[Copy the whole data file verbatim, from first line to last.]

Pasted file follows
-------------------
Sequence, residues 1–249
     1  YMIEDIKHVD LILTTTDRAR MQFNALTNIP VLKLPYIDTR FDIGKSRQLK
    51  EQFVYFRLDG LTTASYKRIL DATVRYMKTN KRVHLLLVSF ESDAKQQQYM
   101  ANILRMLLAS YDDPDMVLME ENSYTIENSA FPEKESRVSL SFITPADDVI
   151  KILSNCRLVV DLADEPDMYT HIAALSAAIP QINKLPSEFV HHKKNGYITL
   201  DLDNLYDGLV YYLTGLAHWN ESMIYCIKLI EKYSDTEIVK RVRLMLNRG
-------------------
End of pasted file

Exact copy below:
Sequence, residues 1–249
     1  YMIEDIKHVD LILTTTDRAR MQFNALTNIP VLKLPYIDTR FDIGKSRQLK
    51  EQFVYFRLDG LTTASYKRIL DATVRYMKTN KRVHLLLVSF ESDAKQQQYM
   101  ANILRMLLAS YDDPDMVLME ENSYTIENSA FPEKESRVSL SFITPADDVI
   151  KILSNCRLVV DLADEPDMYT HIAALSAAIP QINKLPSEFV HHKKNGYITL
   201  DLDNLYDGLV YYLTGLAHWN ESMIYCIKLI EKYSDTEIVK RVRLMLNRG